Dear Abby

The Guardian (Charlottetown) - - FOOD - Abi­gail Van Buren Dear Abby Dear Abby is writ­ten by Abi­gail Van Buren, also known as Jeanne Phillips, and was founded by her mother, Pauline Phillips. Con­tact Dear Abby at www.DearAbby.com or P.O. Box 69440, Los An­ge­les, CA 90069.

Teen book­let will help par­ents start con­ver­sa­tion about sex.

DEAR ABBY: Do you have any in­for­ma­tion or ad­vice on how to talk to my 12-year-old step­daugh­ter about sex? I have a pretty good idea about where to take the con­ver­sa­tion. I don’t plan to make it a big deal — not so se­ri­ous as to scare her, but not too light­hearted ei­ther.

You never know what kids are say­ing about it in school these days. I want her to know the door is al­ways open should she need to talk. (My mother did that with me, which I ap­pre­ci­ated.)

If you have any point­ers or read­ing ma­te­rial suited for her age, that would be great. — STEP­MOM IN TEXAS

DEAR STEP­MOM: I’m glad you are open­ing up the sub­ject be­cause “the talk” with your step­daugh­ter should have started long ago as part of an on­go­ing dis­cus­sion. For a va­ri­ety of rea­sons, young peo­ple to­day ma­ture much ear­lier than they did years ago. She should be told that, if they haven’t al­ready started, the changes that will take place in her body are nor­mal and noth­ing to fear.

As for read­ing ma­te­rial, my book­let, “What Ev­ery Teen Should Know” can help you to start that con­ver­sa­tion. It has been dis­trib­uted in doc­tors’ of­fices and used to pro­mote dis­cus­sions by ed­u­ca­tors and re­li­gious lead­ers, as well as par­ents who find it hard to dis­cuss these top­ics with their chil­dren. You can or­der one by send­ing your name and ad­dress, plus cheque or money or­der for $7 (U.S. funds), to Dear Abby Teen Book­let, P.O. Box 447, Mount Mor­ris, IL 61054-0447. Ship­ping and han­dling are in­cluded in the price.

You should re­view it be­fore start­ing the con­ver­sa­tion so you will be pre­pared in ad­vance to an­swer her ques­tions. The more in­for­ma­tion you can give her, the bet­ter pre­pared she will be to make in­tel­li­gent de­ci­sions in the fu­ture.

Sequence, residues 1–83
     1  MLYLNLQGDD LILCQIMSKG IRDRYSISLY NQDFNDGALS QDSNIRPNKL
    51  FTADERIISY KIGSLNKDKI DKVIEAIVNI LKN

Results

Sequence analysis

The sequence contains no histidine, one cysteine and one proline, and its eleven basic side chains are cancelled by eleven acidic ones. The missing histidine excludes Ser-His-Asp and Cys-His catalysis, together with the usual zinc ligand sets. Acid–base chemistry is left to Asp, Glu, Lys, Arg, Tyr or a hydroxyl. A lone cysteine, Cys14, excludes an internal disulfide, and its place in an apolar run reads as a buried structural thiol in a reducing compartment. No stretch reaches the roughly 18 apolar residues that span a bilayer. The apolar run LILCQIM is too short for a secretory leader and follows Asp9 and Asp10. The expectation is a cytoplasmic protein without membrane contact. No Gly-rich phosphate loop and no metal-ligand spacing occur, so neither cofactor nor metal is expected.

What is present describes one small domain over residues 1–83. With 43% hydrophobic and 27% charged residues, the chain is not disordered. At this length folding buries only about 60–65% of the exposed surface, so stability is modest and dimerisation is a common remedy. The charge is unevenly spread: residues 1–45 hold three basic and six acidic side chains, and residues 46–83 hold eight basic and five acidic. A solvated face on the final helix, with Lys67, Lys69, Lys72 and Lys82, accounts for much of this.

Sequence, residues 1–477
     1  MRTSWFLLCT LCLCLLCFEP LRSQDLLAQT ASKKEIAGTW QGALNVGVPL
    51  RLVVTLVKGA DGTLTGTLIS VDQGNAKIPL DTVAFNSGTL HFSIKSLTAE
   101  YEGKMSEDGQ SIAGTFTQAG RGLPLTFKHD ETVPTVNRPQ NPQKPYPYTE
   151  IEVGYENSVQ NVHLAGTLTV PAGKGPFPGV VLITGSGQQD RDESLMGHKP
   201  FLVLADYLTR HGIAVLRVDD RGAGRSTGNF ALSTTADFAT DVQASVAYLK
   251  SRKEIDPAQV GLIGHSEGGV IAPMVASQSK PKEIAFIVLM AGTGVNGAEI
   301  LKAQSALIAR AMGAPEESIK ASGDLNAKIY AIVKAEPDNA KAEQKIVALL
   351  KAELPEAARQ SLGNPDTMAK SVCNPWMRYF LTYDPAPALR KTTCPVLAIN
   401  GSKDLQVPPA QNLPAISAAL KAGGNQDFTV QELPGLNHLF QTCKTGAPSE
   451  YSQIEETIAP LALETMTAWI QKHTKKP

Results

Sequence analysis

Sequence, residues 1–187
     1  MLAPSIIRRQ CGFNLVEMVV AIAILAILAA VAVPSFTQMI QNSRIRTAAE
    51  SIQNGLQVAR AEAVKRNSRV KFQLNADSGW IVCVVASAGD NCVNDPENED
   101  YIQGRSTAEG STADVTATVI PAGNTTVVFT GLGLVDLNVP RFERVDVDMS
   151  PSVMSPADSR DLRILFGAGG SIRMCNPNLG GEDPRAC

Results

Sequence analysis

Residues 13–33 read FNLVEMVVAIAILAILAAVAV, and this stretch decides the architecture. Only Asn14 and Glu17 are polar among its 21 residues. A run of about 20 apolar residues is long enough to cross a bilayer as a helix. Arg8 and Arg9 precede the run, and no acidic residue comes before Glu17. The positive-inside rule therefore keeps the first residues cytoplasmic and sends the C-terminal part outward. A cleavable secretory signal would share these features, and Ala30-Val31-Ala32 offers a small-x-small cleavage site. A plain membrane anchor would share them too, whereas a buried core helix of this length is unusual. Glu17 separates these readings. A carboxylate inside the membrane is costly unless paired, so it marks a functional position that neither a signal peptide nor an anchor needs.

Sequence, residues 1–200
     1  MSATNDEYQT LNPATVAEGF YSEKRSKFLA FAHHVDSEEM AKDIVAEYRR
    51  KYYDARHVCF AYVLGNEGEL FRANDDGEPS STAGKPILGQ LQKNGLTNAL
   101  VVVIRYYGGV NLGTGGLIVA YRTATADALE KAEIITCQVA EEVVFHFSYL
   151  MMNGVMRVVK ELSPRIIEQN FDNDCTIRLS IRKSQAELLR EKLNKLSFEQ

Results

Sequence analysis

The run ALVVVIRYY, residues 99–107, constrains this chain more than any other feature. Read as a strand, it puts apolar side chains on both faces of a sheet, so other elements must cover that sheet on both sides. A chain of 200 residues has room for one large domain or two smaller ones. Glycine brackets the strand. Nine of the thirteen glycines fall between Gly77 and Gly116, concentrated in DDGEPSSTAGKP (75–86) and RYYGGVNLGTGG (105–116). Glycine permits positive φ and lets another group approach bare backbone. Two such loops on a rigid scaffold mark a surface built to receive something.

DEAR ABBY: I am a 25-yearold, well-ed­u­cated woman, en­gaged to a won­der­ful man. Although we don’t plan to wed for another cou­ple of years, I have a ques­tion on my mind. Nei­ther of us is tra­di­tional or re­li­gious. What should I do about my name?

My fiance would be hon­oured if I took his name, but wouldn’t be in­sulted or hurt if I didn’t. For a long time I had thought that hy­phen­at­ing would be an ap­pro­pri­ate so­lu­tion, but the more I con­sider it, a long dou­ble name on ev­ery­thing I will have to sign might be­come an in­con­ve­nience. I don’t dis­like his last name or have strong feel­ings against tak­ing it, but I like the name I have now. Part of me likes the idea of al­ways car­ry­ing it.

Since chil­dren are not go­ing to be part of the equa­tion, there’s no risk of con­fus­ing them or their teach­ers. What do other young cou­ples do? I would love an out­side per­spec­tive. — NAME GAME IN KANSAS

DEAR NAME GAME: It is no longer un­usual for women to re­tain their maiden names af­ter mar­riage. Many choose to do it be­cause they have be­come es­tab­lished/suc­cess­ful in their ca­reers, oth­ers be­cause they want to main­tain their iden­tity as an in­di­vid­ual.

Some women solve the prob­lem by us­ing their hus­band’s name legally and re­tain­ing their maiden name pro­fes­sion­ally. Oth­ers use their maiden name as a mid­dle name and their hus­band’s last name. Please don’t worry about this; you have time to make your fi­nal de­ci­sion.

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